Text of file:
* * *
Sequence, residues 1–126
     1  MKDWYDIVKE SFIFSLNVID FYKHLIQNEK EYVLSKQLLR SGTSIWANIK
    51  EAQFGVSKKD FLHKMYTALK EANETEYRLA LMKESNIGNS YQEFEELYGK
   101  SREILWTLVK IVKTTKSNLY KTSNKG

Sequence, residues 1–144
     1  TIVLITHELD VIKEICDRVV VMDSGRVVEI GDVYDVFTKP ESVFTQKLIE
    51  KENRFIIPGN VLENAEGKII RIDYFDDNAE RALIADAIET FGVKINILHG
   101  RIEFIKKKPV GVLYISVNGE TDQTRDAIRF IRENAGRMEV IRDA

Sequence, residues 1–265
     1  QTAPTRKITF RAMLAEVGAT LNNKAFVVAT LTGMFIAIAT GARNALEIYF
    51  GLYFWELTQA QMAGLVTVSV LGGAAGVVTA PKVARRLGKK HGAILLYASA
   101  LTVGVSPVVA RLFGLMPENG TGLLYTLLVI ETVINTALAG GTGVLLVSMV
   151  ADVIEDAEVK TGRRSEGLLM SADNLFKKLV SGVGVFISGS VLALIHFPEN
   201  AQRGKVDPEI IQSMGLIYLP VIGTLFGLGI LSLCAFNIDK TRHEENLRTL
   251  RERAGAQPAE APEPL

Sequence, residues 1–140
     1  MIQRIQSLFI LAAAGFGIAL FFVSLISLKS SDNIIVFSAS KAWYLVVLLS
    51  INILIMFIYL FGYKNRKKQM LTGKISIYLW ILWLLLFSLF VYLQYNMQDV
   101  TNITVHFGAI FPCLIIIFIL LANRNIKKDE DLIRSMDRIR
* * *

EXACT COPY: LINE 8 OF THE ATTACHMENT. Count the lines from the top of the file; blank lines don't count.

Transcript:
   101  RIEFIKKKPV GVLYISVNGE TDQTRDAIRF IRENAGRMEV IRDA